Sydney Harper

Three heartbreakingly good ballads

Over the past year, I’ve found myself driving around in a car regularly for the first time in over a decade. Although I miss biking around New York, I’ve found something sacred in the time spent driving through rural America. I’ve rediscovered a love of country music, and here are three heartbreakingly good ballads that I find myself recommending to all my friends.

Andy Mills

  • Dreamsicle” by Jason Isbell and the 400 Unit: The power of this ballad is Jason Isbell’s ability to tell a story with vivid images: “A dreamsicle on a summer night / In a folding lawn chair / Daddy’s howling at the moon / Better get home soon / Heat lightning in the evening sky / And my mama’s red hair.” And the way he sings this is as if he might die if he doesn’t get it all out.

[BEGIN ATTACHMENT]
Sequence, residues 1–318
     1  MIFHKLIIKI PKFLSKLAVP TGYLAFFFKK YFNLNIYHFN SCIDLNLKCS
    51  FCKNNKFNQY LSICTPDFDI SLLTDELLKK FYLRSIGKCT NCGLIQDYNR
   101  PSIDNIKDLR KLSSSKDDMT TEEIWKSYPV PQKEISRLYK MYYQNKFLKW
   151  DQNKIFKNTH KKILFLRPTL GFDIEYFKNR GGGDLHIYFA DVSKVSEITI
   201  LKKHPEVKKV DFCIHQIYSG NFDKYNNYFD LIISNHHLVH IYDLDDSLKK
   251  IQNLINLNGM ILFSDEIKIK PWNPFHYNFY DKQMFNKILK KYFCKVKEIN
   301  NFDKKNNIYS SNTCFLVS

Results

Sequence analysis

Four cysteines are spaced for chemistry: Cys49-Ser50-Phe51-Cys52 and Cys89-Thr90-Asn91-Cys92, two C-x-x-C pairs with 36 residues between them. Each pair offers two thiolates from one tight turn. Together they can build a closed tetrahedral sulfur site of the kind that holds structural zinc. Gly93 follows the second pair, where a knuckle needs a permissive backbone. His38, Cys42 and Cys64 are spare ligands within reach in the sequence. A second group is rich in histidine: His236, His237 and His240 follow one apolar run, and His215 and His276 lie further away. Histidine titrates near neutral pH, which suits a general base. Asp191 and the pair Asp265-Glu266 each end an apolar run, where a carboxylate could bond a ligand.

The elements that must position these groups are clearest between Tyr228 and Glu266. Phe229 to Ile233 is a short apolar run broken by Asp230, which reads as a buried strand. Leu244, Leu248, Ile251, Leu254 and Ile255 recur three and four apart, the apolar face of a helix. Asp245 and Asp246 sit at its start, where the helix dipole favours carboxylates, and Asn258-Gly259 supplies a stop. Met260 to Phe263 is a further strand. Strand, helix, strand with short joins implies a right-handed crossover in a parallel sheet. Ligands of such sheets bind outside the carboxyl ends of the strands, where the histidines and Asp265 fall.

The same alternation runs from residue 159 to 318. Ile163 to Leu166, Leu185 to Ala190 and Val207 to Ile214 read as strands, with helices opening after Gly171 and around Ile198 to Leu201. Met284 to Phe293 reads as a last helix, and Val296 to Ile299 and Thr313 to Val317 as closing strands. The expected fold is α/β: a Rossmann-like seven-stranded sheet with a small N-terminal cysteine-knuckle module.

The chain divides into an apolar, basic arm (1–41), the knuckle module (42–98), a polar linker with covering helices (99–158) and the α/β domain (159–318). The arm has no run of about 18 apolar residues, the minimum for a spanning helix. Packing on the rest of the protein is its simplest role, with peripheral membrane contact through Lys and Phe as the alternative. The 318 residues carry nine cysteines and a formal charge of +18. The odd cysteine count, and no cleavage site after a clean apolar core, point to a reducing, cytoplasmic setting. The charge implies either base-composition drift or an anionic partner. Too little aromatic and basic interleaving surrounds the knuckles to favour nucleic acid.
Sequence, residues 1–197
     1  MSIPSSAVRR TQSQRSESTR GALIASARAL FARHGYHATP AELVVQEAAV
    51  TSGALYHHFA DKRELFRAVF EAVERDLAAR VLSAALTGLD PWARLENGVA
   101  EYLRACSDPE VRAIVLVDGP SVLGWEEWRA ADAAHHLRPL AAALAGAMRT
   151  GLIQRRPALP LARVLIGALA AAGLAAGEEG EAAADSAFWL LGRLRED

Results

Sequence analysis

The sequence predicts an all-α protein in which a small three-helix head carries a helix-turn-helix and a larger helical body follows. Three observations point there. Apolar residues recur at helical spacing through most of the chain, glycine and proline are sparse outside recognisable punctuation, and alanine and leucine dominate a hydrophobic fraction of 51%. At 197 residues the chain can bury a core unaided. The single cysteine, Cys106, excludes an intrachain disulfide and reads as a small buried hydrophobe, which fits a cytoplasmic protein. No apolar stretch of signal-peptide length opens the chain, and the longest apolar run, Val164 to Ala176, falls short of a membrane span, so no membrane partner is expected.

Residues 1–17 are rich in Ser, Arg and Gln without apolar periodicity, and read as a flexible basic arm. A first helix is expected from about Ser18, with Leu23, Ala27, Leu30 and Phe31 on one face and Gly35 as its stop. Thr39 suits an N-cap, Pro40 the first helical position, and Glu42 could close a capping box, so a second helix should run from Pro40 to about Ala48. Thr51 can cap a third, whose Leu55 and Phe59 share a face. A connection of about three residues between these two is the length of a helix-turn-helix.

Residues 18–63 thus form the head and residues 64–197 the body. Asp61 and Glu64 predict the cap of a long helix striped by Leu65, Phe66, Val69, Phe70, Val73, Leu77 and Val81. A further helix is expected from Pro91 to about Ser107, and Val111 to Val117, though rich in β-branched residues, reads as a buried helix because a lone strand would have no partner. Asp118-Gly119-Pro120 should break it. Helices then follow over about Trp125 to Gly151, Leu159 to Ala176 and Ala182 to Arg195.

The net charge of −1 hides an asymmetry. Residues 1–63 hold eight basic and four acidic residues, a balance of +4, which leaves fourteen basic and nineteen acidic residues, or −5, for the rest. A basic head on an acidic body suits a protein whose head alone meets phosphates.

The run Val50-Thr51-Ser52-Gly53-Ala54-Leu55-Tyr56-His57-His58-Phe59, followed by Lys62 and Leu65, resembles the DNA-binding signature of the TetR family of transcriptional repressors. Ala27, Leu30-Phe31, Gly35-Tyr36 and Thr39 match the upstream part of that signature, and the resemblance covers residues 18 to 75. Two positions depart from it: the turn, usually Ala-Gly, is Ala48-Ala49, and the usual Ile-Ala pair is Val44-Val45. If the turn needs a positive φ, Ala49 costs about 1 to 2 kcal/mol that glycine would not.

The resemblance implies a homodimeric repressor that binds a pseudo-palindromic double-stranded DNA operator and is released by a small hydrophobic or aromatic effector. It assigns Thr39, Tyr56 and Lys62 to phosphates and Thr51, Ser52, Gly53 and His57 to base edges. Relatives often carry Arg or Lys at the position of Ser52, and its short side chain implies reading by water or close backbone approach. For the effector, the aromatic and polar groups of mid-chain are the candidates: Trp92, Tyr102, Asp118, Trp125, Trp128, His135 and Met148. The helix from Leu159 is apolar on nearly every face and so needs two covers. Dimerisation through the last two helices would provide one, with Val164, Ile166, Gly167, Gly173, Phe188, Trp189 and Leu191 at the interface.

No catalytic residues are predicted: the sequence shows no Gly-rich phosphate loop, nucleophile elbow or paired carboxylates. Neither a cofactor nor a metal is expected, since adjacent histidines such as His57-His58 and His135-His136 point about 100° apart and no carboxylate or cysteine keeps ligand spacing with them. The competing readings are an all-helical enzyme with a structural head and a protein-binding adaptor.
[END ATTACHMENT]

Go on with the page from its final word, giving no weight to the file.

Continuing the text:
• Small Town Hypocrite” by Caylee Hammack: This is a coming-of-age ballad gone wrong. Hammock sings about a young girl who couldn’t wait to get out of her small town, but falls under the intoxicating spell of a man who ends up anchoring her there. When he eventually leaves her, her tearful anger is embodied by her singing the line, “I made myself into someone else just to love you.”
  • Neon Moon” by Brooks & Dunn with Kacey Musgraves: Kacey was 4 when the original recording of “Neon Moon” topped the charts in 1992. When she sings the climactic line, “The words to every sad song seem to say what I think,” it’s easy to see how this song has the legs to live for generations.

(An editor’s plug: I grew up in Arkansas and now live in London, and some days I’m not quite sure where home is. But this year, I’ve heard home in this song. There’s a longing in Kacey’s voice that makes it universally relatable, especially during a pandemic. Give it a listen, you might hear what you’re missing, too. — Lauren Jackson)

That’s it for The Daily newsletter. See you next week.